Are you at risk of Q fever?

Rachel Gordon, Livestock Biosecurity Network , 13/03/2017

Rachel Gordon, Livestock Biosecurity Network Biosecurity & Extension Manager.

Q fever has been in the news lately, with an increase in reported cases in most states across Australia. There has been more cases reported in the last two years than in any year since the National Q Fever Management Program ended, over 10 years ago.

So what is Q fever and why is it important?

Q fever is a zoonotic disease originally recognised in Australia in the 1930s. The term ‘Q fever’ is a shortened version of ‘Query fever’, because the cause was unknown. We now know that Q fever is caused by the bacterium Coxiella burnetii, and exists worldwide.

Many types of animals can be infected with C. burnetii. Sheep, goats, and cattle are the main sources of infection for humans, but other animals including cats, dogs, and kangaroos can be infected. It has even been detected in fur seals.

The C. burnetii bacteria is highly infectious, and survives in air, soil, dust, and water. It can also be carried on items such as clothing, wool, hides, and straw. Placental tissue and fluids from infected animals contain high numbers of C. burnetii, and this is one of the ways it enters the environment. It is also shed in milk, urine, and faeces. Humans usually acquire Q fever through inhalation, either infected aerosols or dust, or by being near infected animals as they give birth.

Clinical symptoms of Q fever in humans vary, but in Australia these symptoms include a high fever, muscle and joint pain, severe headache, and fatigue. These symptoms are similar to other infections such as influenza, and as such Q fever can often be misdiagnosed.

The severity of the illness varies, from showing little to no symptoms through to requiring several weeks rest. It is also possible to develop chronic Q fever. There is also a condition known as Post Q fever Fatigue Syndrome, which has been known to develop in people who have suffered an acute case of Q fever.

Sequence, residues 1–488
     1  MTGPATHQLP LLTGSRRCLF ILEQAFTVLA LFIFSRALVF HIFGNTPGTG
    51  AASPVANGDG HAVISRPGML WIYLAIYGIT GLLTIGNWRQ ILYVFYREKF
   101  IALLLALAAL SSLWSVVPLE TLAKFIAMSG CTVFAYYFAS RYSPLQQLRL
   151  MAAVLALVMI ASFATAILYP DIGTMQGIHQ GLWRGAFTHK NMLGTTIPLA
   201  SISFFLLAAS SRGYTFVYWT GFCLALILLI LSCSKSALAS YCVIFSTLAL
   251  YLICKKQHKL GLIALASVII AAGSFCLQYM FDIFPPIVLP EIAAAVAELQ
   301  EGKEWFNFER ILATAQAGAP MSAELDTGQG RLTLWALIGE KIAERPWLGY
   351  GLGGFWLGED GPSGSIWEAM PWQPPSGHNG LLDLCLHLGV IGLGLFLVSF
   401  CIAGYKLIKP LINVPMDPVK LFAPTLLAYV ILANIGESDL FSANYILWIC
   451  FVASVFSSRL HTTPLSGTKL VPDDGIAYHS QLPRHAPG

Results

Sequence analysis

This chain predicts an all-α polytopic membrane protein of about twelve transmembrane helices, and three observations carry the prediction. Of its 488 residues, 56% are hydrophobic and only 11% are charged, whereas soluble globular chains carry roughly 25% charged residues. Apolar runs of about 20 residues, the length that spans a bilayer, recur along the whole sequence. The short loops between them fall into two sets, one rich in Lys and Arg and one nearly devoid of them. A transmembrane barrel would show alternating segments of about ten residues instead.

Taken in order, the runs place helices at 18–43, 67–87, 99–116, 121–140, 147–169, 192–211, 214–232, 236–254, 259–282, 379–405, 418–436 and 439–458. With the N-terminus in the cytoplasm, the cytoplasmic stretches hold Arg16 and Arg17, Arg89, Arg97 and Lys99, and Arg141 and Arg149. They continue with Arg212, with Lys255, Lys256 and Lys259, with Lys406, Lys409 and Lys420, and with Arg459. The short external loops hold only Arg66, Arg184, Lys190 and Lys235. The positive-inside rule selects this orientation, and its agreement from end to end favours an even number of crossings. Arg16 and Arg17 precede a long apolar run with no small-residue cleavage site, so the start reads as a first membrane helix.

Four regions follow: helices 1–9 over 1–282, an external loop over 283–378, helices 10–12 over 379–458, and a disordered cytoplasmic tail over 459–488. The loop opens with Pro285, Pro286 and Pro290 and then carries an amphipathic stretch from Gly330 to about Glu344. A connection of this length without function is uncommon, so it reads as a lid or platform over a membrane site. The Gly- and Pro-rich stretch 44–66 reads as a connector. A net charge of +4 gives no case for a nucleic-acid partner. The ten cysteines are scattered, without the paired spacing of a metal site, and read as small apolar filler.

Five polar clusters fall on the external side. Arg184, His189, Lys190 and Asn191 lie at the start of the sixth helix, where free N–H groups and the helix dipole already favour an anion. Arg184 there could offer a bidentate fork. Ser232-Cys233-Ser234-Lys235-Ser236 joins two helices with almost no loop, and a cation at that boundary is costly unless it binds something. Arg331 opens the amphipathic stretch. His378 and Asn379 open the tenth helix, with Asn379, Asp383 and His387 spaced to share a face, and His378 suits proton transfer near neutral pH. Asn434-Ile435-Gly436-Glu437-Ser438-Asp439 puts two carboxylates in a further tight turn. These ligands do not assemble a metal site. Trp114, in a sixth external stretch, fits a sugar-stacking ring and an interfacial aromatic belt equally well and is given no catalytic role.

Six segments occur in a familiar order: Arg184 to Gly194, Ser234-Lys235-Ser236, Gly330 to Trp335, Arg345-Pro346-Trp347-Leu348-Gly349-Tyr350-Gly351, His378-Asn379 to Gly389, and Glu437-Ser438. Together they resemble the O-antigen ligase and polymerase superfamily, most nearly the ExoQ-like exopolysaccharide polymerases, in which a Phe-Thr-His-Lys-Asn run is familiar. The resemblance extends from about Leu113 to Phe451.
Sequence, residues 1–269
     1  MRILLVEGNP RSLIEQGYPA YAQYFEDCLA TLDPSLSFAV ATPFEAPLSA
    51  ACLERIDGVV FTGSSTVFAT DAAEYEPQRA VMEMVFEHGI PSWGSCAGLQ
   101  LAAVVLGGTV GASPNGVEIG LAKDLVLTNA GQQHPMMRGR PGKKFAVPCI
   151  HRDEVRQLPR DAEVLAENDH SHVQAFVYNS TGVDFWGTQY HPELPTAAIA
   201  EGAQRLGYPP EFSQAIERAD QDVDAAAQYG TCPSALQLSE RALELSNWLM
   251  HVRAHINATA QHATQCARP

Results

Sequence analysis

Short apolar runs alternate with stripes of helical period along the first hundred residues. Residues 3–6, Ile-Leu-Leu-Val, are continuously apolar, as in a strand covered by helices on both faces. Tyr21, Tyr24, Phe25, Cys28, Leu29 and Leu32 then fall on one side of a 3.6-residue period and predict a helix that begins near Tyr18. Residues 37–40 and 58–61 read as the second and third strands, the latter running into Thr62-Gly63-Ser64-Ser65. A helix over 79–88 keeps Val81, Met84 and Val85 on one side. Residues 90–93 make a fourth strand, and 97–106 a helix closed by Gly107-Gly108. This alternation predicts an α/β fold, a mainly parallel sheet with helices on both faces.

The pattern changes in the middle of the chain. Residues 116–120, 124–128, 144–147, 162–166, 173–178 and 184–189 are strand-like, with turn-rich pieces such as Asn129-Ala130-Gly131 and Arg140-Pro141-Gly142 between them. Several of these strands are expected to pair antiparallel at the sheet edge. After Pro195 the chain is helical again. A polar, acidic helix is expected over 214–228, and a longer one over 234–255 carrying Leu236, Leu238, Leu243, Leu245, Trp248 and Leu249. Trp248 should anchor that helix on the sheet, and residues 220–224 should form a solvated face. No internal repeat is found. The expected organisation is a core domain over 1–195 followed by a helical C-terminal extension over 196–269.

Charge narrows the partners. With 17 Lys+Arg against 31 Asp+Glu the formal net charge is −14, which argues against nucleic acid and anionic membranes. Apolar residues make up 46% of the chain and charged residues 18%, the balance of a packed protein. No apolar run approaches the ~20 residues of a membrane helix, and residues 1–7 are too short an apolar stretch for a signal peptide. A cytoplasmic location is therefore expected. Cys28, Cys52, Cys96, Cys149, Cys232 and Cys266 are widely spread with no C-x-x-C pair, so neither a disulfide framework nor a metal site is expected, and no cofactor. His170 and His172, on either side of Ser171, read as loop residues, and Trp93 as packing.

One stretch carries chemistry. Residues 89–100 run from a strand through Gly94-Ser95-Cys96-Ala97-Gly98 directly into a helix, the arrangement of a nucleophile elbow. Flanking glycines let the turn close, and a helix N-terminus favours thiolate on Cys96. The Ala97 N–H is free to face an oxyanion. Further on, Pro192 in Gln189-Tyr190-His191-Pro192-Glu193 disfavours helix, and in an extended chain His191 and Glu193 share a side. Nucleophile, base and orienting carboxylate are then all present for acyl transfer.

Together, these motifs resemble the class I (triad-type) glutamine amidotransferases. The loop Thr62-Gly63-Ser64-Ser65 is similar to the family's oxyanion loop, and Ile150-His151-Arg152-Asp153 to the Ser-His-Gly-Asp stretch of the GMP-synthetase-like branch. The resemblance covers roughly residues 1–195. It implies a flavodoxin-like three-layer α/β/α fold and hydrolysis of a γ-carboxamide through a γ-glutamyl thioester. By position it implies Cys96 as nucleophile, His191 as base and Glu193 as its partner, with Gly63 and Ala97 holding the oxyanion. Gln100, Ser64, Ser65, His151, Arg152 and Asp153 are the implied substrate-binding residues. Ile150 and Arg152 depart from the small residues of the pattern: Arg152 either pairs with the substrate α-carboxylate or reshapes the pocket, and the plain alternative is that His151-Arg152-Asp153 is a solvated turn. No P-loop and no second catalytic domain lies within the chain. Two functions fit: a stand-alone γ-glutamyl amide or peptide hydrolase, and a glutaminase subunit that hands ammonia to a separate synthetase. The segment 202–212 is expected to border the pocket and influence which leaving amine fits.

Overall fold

Those most at risk are people who work with meat and livestock, including abattoir workers, shearers, producers, and vets. There are cases of people becoming infected by being in the vicinity of saleyards, farms, and feedlots, and other areas where livestock congregate. In addition, there have been instances where gardeners may have contracted the disease from animal droppings, including kangaroos.

There is a vaccine available in Australia to help protect people at risk against Q fever. Vaccination for Q fever involves two visits to the doctor, with an initial blood test and skin test and vaccination a week later if both tests are negative. These tests are necessary, as a person who has already had Q fever can develop severe side effects from the vaccination.

Those that are vaccinated may develop minor side effects include a sore arm, headache, fever, and a general feeling of being unwell. The Q fever vaccine is currently not recommended for children under the age of 15. Be aware of the risk Q fever poses to unvaccinated children if they are with you while you are assisting with a difficult lambing or calving.

As well as utilising the available vaccine, people can reduce the risk of Q fever through:

  • washing hands and arms thoroughly in soapy water after coming into contact with animals
  • minimising dust in yards, and areas where animals are housed or slaughtered
  • using protective outerwear, and removing it prior to coming into your home.

Q fever is a serious zoonotic disease. All of us who work with or around livestock and other animals need to be aware of Q fever, and take the necessary steps to protect ourselves.

To bolster biosecurity on your farm, download the free FarmBiosecurity app.

  • Rachel Gordon is one of LBN’s Biosecurity & Extension Managers. She can be contacted on 0488 400 207 or email



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  1. Natasha Wing, 14/03/2017

    For anyone reading this, if you could potentially be exposed and haven’t been tested / vaccinated, PLEASE do so. If a farmer tat has been pulling calves for over 50 years can get this, so can you.
    The above statement about Q-Fever may result in several weeks rest is drastically understated, this indicates would could just feel a bit unwell. It doesn’t suggest that you may struggle to even be able to drag yourself from your bed to the bathroom. For such a simple test, it is not worth the risk of ignoring it!

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